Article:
Raoul Island is one of the Kermadec Islands, about 1000km north-east of New Zealand in the South Pacific Ocean. DOC have a small team of staff and volunteers who live on the island in relative solitude. Their main focus is controlling weeds on the island, maintaining infrastructure such as buildings, roads and tracks, and carrying out work for Met Service and GNS.
Since the island is so remote, we get these diary entries from the team and post them up on their behalf. Today’s diary is by Raoul Island Ranger – Threats (Weeds) & Biodiversity, Toby Shanley.
The tail end of cyclone season
By late March life here on Raoul Island had settled into a familiar routine made up of weeding four days a week, maintaining tracks, roads, grounds and infrastructure one day a week and for the most part exploring our beautiful surroundings on the weekend.
The end of March is usually seen as the end of cyclone season and it appeared the island was going to survive the summer unscathed by any major weather systems. But this was all about to change! On 26 March we woke to tremendous surf pounding the north side of the island, and although the weather was calm and fine this was a sure sign that trouble was brewing to our north.
Cyclone Bune is on its way…
A quick check of the weather map confirmed our suspicions as we saw a large storm brewing just south of Fiji. A Google search informed us that we were looking at tropical cyclone Bune (pronounced mm-boo-nay), which had just been upgraded to a category three cyclone. We also received a sat phone call from Metservice ensuring that we were aware of the cyclones proximity and they informed us that it was forecast to pass very near us as it travelled south.
The cyclone travelled very slowly towards us for the next two days and the swell grew until the whole island seemed to rumble under the force of the pounding waves. Then on the afternoon of Monday 28 March the winds began to rapidly increase as the cyclone approached us.
By this time all the necessary precautions had been taken so that light objects would not blow away and the hostel was as secure as possible.
…and Bune arrives!
By early evening the wind was screaming through the trees that line the edge of the cliff out in front of the hostel and leaves and small branches were being tossed high into the air. The winds continued to increase until around 8pm when all of a sudden they dropped completely leaving a very eerie silence.
We all went out on to the lawn and marvelled at how still and quiet it was compared to the chaos of a few minutes prior. This was the eye of the cyclone and we were unsure how long the stillness would last. We all went to bed expecting that any second the wind would return as strong as ever.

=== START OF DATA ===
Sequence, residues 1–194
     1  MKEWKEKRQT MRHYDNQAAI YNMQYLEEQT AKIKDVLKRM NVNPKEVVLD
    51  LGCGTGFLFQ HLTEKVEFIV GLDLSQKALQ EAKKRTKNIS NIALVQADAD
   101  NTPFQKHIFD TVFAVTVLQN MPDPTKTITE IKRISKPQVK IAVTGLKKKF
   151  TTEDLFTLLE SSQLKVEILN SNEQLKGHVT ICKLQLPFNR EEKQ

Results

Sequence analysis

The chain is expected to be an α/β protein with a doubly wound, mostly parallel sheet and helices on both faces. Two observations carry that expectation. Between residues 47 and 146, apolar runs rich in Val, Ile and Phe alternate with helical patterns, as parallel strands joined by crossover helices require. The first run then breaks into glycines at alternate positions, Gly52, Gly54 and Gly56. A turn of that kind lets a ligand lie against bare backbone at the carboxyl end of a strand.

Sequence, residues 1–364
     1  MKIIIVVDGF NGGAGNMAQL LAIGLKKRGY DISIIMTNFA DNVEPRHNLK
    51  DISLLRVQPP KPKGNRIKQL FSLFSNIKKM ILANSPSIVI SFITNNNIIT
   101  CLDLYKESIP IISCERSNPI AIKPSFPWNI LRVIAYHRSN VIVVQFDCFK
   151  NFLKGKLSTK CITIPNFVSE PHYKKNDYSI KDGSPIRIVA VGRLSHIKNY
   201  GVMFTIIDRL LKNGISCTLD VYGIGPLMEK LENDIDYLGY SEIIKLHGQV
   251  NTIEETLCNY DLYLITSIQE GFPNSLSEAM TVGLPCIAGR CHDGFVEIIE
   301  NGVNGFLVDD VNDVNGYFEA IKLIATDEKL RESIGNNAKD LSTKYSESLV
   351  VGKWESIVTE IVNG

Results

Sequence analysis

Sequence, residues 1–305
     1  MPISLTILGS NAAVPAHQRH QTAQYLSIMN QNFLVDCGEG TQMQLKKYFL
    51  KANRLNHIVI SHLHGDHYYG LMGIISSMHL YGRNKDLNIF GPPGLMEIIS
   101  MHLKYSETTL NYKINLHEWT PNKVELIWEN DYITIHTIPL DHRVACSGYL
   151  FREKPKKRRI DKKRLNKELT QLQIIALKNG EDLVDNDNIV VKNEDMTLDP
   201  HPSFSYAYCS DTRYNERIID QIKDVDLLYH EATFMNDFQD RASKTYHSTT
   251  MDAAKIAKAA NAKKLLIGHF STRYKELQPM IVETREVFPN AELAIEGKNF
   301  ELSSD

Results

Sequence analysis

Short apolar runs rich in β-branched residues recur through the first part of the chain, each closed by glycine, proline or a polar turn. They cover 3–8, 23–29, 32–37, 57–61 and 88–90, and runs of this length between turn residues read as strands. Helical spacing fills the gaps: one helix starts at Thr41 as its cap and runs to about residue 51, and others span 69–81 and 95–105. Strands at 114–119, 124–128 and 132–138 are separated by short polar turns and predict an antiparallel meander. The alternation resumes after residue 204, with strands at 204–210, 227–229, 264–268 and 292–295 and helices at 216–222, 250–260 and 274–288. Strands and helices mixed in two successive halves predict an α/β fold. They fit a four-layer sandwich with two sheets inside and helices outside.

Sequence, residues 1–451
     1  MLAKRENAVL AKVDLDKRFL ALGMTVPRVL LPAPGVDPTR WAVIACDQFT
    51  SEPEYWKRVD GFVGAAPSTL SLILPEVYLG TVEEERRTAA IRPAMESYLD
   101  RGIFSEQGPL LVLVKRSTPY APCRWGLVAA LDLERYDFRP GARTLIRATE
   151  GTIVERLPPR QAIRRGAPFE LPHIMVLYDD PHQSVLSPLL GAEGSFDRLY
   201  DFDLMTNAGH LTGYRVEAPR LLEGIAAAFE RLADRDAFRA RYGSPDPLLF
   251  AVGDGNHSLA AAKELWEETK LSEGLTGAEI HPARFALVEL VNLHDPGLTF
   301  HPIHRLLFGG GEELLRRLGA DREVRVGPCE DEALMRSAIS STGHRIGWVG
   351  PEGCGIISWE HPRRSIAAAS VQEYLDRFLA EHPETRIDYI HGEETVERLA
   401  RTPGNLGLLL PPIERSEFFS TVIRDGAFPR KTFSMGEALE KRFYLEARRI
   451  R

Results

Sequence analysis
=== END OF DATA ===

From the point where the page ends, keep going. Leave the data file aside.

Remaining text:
The trailing edge of the eye finally passed us at around midnight and the wind returned with renewed ferocity. The wind was now coming from the south west as opposed to the afternoon when it had been blowing from the north east.
Our accommodation is well sheltered from the north east but not so much from the south west and so we all had a very sleepless night. The wind seemed to build up in the hills behind the hostel and then coming roaring and screaming down towards us in regular violent gusts. But by morning the worst of it was past us.
Surveying the damage
The task for the following few days was obvious, to survey the damage and to prepare for the cleanup. The first two priorities were to check our water supply and the road to our landing point which is 3 km away from the hostel. On checking the buildings around base we discovered that two had suffered substantial damage with one missing half of its roof.
The news back about the water supply and road was not good either. It looked as if the spring that we take most of our water from had been submerged by a giant slip and the road to the landing was covered in huge fallen trees. It was obvious that the cleanup would need to be started as soon as possible.
To add to the urgency of it we were due for a visit from the Heritage Expeditions cruise ship the Spirit of Enderby within two weeks. Over those two weeks the team put in a huge effort to clear enough of the roads and tracks so that we could show the passengers on the expedition some of this beautiful island we call home.
The cyclone put the weeding on hold but we should be back into it by mid May when a team of people come up with the Navy to help clear the rest of the roads and tracks. The Navy will also bring us food and supplies for the next six months and four new volunteers who will live and work with us until we leave the island in late October.
To the vollies who are leaving us Nicki, Maree, Terry, and Nigel a huge thank you for devoting a part of your lives to help restore this amazing island.